This concept is being pushed on everybody with NO real research or scientific basis. None at all. Even George Weinberg’s original research in the 1960s is plagued by accusations of bribery and political bias, let alone the more novel concepts the gay agenda has come out since the DSM-IIITR dropped homosexuality as a mental illness with almost no actual peer review or scientific debate.

    The whole history of the gay agenda is that of a group of people with a mental illness trying to get everybody else to claim that they are sane- and using tactics learned from dictatorships to do it, from redefining language to vilifying and even using violence against enemies.

    Let me know when there is something actually objective in this debate, because at this point, I’m turned off by the tactics used and utterly against being labeled a homphobe by a bunch of heterophobes.

  • pagansister

    Theodore, many same gender couples have been together for many, many, years, but couldn’t be “married” because it wasn’t legal. All thru history there have been long term, life same gender partners. So there is really no need to “study” same gender couples as to how long they could stay married. What is the study on heterosexual couples and marriage? Some? not so good!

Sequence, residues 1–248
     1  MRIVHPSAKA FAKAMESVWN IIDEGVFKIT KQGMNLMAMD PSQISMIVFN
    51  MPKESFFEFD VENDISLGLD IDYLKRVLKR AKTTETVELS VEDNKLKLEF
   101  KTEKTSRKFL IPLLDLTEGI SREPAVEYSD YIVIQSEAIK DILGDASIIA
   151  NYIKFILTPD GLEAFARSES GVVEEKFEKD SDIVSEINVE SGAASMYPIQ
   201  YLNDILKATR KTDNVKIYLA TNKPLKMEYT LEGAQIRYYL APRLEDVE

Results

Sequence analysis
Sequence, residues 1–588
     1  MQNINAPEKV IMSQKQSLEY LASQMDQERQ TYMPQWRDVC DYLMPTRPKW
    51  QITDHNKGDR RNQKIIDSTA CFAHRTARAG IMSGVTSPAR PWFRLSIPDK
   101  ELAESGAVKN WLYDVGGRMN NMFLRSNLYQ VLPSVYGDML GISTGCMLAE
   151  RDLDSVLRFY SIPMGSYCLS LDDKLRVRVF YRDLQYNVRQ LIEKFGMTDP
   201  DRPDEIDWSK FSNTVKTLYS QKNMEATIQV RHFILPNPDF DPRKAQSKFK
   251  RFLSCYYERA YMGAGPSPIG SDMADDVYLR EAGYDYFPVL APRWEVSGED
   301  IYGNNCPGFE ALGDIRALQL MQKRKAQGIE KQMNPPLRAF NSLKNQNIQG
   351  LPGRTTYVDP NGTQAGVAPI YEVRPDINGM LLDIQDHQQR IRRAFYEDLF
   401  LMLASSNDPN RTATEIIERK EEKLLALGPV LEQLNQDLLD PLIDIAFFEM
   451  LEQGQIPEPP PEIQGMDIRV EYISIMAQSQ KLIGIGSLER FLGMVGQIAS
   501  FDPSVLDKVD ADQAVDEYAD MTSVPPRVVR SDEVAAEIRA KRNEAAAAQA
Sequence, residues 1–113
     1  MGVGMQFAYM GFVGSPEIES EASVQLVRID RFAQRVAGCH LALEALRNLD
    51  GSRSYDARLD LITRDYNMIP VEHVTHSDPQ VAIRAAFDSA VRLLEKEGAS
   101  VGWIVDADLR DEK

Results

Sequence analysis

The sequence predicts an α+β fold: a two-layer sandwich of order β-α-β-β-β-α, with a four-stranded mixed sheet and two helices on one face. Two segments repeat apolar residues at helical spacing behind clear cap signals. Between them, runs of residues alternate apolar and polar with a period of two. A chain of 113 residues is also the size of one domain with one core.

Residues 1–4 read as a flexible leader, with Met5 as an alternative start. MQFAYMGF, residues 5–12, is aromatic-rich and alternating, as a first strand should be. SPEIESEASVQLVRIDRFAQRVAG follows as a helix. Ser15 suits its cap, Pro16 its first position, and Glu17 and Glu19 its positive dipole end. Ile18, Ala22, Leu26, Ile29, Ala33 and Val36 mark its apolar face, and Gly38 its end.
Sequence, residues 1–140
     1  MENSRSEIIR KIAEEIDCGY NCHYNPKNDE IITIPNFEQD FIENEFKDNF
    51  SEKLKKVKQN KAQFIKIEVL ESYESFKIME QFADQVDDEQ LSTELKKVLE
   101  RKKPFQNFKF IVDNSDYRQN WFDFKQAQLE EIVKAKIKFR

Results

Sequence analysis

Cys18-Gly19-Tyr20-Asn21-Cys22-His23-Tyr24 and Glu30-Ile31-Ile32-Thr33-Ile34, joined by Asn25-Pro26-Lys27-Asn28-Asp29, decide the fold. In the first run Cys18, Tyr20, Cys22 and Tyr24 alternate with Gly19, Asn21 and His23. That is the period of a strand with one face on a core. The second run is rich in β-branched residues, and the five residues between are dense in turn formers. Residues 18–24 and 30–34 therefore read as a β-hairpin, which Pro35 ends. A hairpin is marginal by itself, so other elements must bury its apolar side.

• vox borealis

      The notion that same sex couples cannot not get married—that it is illegal—is fallacy, a clever but effective rhetorical ploy. Anyone gay couple can trot on down to the local Unitarian Church and get married. They can stand on a beach before their friends and relatives and exchange vows. And so on. None of this is illegal. What is being decided is whether (a) the State will (or must) recognize such unions as a marriage, and (b) by extension if individuals and businesses will be compelled to recognize the relationship as well; and (c) constitutionally, if the power of the people in individual states to decide democratically what they will recognize as marriage will be taken away and assumed by the federal government.

      • pagansister